BORIS Johnson has publicly declared his intention to challenge for the Conservative Party leadership.

Speaking at an insurance brokers conference in Manchester, Johnson also said he had a “boundless appetite” to help lead the UK out of the European Union.

Asked about the possibility of a challenge for the top Tory job, he said: “I’m going to go for it. Of course I’m going to go for it.

“I don’t think that is any particular secret to anybody. But you know, there is no vacancy at present.”

Initially, the Brexiteer had joked that “we’ve run out of time” when pressed on his ambitions to replace Theresa May as Prime Minister.

“But I’ll answer your question nonetheless,” he continued. “There’s no vacancy. On the other hand, what I will say is that there has been a real lack of grip and dynamism in the way we’ve approached these talks.

“We’ve failed over the past three years to put forward a convincing narrative about how we exploit the opportunities of Brexit.

“All I can say, as tactfully and usefully, as I can, is that I have a boundless appetite to try to get it right, and to help the country to get on the right path.”

Meanwhile, Theresa May has agreed to set a timetable for the election of her successor as Tory leader, the chairman of the Conservative backbench 1922 Committee has said.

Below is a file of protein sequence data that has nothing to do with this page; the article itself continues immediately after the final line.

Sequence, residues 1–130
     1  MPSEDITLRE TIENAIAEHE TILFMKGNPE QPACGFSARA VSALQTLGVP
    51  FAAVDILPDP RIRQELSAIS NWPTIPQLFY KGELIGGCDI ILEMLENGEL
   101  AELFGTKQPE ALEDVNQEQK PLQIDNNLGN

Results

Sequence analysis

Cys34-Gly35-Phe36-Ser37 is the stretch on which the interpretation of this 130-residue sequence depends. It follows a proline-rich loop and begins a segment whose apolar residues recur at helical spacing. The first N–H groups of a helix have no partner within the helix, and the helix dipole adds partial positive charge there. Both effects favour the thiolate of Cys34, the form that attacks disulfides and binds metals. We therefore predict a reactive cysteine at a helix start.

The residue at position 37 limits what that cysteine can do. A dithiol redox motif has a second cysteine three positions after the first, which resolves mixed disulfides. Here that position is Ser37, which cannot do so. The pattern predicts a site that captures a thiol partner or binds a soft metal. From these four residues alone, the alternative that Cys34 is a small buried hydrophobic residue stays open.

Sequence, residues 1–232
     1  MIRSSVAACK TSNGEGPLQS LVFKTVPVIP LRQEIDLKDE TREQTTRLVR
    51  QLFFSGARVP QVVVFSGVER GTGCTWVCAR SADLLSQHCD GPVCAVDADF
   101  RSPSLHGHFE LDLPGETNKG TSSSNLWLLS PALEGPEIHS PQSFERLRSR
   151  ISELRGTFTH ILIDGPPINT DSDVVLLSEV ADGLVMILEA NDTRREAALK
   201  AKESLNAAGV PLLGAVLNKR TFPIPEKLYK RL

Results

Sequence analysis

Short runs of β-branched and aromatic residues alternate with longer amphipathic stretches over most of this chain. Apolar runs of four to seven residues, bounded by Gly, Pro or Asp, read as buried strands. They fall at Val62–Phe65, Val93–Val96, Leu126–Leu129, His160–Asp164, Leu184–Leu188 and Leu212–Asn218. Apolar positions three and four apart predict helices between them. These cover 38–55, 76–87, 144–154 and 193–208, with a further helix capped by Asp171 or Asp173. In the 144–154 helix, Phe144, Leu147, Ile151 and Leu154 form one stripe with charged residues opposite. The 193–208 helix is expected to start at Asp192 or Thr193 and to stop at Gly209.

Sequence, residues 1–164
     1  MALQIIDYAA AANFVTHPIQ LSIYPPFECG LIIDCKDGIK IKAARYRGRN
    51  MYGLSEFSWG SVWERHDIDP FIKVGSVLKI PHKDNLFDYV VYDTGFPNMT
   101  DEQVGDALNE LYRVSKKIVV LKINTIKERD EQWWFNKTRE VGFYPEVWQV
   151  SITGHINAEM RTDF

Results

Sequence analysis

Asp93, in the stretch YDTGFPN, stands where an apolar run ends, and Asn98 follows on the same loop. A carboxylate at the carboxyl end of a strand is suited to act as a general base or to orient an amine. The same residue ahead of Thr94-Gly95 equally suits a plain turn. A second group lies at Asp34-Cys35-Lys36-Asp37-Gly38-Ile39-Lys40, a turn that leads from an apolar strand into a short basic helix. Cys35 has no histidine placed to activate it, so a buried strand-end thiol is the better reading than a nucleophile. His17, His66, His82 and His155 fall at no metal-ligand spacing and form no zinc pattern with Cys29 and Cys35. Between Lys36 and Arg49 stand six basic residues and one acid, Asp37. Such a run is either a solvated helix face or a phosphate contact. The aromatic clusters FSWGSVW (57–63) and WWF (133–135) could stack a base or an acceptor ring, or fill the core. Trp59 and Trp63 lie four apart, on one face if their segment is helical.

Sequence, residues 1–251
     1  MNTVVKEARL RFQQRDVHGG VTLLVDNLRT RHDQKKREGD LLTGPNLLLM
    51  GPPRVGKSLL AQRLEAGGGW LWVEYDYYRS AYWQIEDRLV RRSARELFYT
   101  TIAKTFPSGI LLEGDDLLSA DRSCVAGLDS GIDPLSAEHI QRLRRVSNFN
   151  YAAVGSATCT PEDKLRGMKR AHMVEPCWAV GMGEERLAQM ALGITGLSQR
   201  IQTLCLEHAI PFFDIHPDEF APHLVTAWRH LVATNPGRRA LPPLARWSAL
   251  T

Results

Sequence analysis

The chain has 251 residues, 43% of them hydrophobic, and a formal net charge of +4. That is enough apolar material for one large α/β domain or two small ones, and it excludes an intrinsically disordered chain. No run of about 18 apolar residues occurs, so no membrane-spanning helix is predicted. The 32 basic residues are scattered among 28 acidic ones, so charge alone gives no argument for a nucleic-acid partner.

Following a meeting between Prime Minister and the 1922 executive at Westminster on Thursday, Sir Graham Brady said he would meet her again in early in June to agree the details.

Brady said in a statement "The Prime Minister is determined to secure our departure from the European Union and is devoting her efforts to securing the second reading of the Withdrawal Agreement Bill in the week commencing June 3 2019 and the passage of that Bill and the consequent departure of the United Kingdom from the European Union by the summer.

"We have agreed that she and I will meet following the second reading of the Bill to agree a timetable for the election of a new leader of the Conservative and Unionist Party."

The statement means that, yet again, May has resisted calls for her to name the date of her departure from No 10.